is warning hospitality workers of the perils of social media when used against them.
The broker heavyweight outlined to Hospitality New Zealand (HNZ) members that traditional liability policies may not cover damage to their businesses caused by cyber risk such as social media in its third hospitality risk report.
It said: “The rapid spread of false information through social media was among the emerging risks identified by the World Economic Forum in its Global Risks 2013 report.
“You also face the risk of being hacked.”
While 73% of HNZ members surveyed said social media had become a lot more important to their business in the last year, only 7% identified any cyber risk exposure, indicating the majority still see it for its role in marketing and communication.
The majority of respondents said increased legislative requirements – namely the recent changes contained in the Sale & Supply of Alcohol Act (SSA) – were their biggest risk exposure, at 33%, with 30% saying the SSA had had a very significant impact on their business.
Indeed, 56% said the Act had increased their exposure to liability through legal action or fines through enforcement with many noting the increase in police presence and scrutiny in their premises.
Last year, fire, flood or earthquake causing disruption to business was the top risk at 30% but this year that concern was in second place at 21% tied with loss of productivity due to staff absenteeism, stress or staff turnover, which was up from 13% in last year’s survey.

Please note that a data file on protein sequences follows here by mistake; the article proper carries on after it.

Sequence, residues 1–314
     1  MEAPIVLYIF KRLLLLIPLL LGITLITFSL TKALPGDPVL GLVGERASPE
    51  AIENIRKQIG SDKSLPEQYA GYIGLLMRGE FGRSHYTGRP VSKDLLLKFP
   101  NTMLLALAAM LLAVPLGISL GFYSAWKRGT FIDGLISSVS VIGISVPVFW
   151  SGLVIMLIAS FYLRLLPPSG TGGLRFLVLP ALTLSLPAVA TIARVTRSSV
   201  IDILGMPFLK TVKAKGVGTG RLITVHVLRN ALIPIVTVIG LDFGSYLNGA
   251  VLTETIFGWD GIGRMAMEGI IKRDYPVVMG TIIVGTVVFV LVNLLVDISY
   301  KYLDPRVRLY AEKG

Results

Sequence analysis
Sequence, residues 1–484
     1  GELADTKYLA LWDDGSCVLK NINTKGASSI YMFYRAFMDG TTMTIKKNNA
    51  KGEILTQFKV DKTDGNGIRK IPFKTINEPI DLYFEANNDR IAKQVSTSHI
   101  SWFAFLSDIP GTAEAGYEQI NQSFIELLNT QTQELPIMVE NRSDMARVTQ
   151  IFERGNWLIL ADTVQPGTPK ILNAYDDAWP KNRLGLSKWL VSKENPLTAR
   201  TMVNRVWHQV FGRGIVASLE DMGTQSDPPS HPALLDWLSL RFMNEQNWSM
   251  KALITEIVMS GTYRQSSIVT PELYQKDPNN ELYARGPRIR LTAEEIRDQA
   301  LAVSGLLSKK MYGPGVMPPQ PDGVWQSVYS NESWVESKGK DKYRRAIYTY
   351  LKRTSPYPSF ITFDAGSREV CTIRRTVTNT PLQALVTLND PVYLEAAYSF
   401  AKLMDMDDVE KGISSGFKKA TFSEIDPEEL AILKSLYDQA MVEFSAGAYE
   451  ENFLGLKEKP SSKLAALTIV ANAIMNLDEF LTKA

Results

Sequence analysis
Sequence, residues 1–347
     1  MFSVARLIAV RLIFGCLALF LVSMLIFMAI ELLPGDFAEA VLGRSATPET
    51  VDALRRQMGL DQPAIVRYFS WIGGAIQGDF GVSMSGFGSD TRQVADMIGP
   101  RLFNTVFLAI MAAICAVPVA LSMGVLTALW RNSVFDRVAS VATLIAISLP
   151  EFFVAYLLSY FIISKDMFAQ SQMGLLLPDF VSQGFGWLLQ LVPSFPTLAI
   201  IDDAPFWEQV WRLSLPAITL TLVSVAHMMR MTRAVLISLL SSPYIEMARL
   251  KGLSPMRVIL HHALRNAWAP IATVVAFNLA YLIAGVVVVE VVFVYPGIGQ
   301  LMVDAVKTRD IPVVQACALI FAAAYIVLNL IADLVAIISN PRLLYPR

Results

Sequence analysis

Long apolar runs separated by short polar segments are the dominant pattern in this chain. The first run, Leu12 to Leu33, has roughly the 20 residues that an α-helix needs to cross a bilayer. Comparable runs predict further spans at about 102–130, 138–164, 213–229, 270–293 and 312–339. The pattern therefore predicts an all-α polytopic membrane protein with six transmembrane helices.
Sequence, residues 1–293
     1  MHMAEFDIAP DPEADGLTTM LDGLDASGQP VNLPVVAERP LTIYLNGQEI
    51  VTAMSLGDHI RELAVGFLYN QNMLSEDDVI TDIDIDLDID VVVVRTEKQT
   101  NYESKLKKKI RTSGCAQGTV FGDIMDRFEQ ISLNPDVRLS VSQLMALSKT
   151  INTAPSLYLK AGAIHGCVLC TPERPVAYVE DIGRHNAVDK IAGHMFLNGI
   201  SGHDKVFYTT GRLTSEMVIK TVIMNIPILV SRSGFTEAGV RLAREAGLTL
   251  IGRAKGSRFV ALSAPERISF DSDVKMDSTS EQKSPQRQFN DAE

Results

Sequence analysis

HNZ members identified burglary as their biggest insurance exposure, according to the report.
Despite a drop in burglary statistics, 21% of respondents listed it as a top concern, up from 14% in 2013.
Not far behind was staff fraud/theft at 19% which was tied with loss of profits/business interruption.
In 2013, staff fraud/theft was perceived to be the number one insurance risk and fire rated third.
The report also noted that although property insurance rates were beginning to fall, a focus on the New Building Standard rating of any building continued to differentiate pricing.
“We asked members how significant earthquake strengthening has impacted or will impact your business through potential increased lease or insurance costs,” the report said. “31% said that it was very significant and 27% significant.”